Editor selections by Topic and Unit

The Physics Front is a free service provided by the AAPT in partnership with the NSF/NSDL.

Website Detail Page

Item Picture
published by the WGBH Educational Foundation
This 14-minute video explores the technology of the hydrogen fuel cell for use in automobiles. It delves into the promise of the technology, hurdles (such as building filling stations), and challenges of finding green ways to produce hydrogen. You'll also find an animated tutorial on how fuel cells work, a clickable schematic view of a fuel cell installed in a car, and an a question/answer set featuring an expert in energy conversion devices.

Please note that this resource requires Flash.
Editor's Note: Manufacturers have avoided hydrogen as a source of fuel for cars, but this video prompts viewers to take a second look at its potential. Hydrogen presents many challenges: storage (as a gas, it takes up more tank space than gasoline) and production/delivery (how do we produce it without environmental impact and deliver it to fueling stations?)  But its promise lies in its zero-emission capability and potential use as backup power for cities and buildings.
Subjects Levels Resource Types
Classical Mechanics
- Work and Energy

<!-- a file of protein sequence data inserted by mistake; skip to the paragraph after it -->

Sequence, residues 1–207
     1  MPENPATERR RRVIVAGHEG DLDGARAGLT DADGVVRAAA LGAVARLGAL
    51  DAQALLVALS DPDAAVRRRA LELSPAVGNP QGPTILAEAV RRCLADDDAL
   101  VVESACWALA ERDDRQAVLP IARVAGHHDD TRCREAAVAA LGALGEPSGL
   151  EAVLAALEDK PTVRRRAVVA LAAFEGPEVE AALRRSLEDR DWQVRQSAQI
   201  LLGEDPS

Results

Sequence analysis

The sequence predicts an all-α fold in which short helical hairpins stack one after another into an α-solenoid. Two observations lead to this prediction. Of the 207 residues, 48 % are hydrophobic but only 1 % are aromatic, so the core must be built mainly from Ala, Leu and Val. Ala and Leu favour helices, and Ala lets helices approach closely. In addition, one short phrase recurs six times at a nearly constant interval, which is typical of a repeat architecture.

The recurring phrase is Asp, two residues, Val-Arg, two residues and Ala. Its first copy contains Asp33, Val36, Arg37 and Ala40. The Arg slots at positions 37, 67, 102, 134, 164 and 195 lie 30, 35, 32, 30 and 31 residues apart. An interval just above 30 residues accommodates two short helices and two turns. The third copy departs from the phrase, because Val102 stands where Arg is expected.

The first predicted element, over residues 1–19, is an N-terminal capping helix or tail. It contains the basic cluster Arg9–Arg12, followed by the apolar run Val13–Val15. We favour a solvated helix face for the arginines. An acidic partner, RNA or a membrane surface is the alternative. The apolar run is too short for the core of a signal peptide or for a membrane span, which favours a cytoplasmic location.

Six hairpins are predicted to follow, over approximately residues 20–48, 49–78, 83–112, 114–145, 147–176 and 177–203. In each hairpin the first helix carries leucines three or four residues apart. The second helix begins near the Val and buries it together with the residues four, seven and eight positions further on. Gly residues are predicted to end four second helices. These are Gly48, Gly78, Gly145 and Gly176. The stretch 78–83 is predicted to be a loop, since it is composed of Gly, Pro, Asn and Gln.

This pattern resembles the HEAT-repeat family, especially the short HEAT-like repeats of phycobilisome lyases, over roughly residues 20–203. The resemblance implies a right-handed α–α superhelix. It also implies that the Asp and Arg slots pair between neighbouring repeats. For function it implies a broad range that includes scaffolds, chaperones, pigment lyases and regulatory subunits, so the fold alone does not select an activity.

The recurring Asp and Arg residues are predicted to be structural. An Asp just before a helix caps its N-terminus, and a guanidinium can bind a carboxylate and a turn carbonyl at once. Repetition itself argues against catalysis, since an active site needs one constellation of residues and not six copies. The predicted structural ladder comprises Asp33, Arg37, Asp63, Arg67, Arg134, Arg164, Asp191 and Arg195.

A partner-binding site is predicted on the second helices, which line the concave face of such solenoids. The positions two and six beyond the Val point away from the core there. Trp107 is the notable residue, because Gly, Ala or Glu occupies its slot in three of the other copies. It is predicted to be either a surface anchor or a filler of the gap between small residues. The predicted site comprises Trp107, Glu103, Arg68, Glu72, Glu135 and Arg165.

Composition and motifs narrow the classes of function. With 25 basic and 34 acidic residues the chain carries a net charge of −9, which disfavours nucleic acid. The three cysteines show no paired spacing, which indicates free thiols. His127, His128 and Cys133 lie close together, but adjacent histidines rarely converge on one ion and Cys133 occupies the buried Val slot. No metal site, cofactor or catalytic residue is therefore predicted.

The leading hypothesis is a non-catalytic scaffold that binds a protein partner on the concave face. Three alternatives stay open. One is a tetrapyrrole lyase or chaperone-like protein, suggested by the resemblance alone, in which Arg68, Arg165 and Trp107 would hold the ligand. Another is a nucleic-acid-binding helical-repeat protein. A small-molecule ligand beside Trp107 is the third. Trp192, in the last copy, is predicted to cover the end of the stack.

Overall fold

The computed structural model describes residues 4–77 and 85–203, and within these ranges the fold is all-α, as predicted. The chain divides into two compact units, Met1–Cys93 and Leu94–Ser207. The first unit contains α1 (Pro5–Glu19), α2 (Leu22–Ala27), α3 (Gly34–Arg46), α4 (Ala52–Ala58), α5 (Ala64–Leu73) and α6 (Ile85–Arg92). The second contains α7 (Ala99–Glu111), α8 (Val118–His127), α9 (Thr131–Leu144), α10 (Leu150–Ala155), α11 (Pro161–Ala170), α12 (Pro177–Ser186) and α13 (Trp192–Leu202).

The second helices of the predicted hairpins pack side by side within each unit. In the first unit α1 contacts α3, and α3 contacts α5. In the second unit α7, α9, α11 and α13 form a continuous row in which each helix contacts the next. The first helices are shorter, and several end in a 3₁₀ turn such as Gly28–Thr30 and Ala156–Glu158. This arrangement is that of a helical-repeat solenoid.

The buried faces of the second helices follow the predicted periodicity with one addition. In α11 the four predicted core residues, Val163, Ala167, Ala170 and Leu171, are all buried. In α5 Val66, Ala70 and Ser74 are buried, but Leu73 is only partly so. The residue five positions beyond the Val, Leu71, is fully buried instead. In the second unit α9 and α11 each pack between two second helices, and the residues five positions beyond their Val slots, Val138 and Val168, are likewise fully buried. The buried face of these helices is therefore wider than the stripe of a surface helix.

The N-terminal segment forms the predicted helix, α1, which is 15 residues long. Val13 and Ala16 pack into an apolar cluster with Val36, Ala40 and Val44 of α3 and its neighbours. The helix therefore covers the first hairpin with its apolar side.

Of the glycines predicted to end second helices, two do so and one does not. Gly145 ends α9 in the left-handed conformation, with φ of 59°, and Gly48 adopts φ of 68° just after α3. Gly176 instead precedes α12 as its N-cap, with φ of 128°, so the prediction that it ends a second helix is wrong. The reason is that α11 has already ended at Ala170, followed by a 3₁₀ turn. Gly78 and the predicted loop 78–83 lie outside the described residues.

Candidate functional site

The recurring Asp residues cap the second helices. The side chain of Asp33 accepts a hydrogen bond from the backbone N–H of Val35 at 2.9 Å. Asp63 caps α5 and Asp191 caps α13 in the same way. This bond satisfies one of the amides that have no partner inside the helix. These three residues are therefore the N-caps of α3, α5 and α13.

= Mechanical Power
Electricity & Magnetism
- Capacitance
= Energy Storage
- Electromotive Force and Current
= Cells and Batteries
= Electrolysis
- High School
- Middle School
- Lower Undergraduate
- Informal Education
- Instructional Material
= Activity
= Simulation
- Audio/Visual
= Illustration
= Movie/Animation
Appropriate Courses Categories Ratings
- Physical Science
- Physics First
- Conceptual Physics
- Algebra-based Physics
- AP Physics
- Activity
- New teachers
  • Currently 0.0/5

Want to rate this material?
Login here!


Intended Users:
Learner
Parent/Guardian
Educator
General Public
Format:
application/flash
Access Rights:
Free access
Restriction:
© 2005 WGBH Educational Foundation
Keywords:
PEM fuel cell, animation, anode, cathode, energy efficiency, fuel cell, fuel cell animation, fuel cell video, green energy, hydrogen cell
Record Cloner:
Metadata instance created March 30, 2014 by Caroline Hall
Record Updated:
March 30, 2014 by Caroline Hall
Last Update
when Cataloged:
March 31, 2013

Next Generation Science Standards

Earth and Human Activity (HS-ESS3)

Students who demonstrate understanding can: (9-12)
  • Evaluate or refine a technological solution that reduces impacts of human activities on natural systems. (HS-ESS3-4)

Disciplinary Core Ideas (K-12)

Forces and Motion (PS2.A)
  • All positions of objects and the directions of forces and motions must be described in an arbitrarily chosen reference frame and arbitrarily chosen units of size. In order to share information with other people, these choices must also be shared. (6-8)
Natural Resources (ESS3.A)
  • All forms of energy production and other resource extraction have associated economic, social, environmental, and geopolitical costs and risks as well as benefits. New technologies and social regulations can change the balance of these factors. (9-12)
Human Impacts on Earth Systems (ESS3.C)
  • The sustainability of human societies and the biodiversity that supports them requires responsible management of natural resources. (9-12)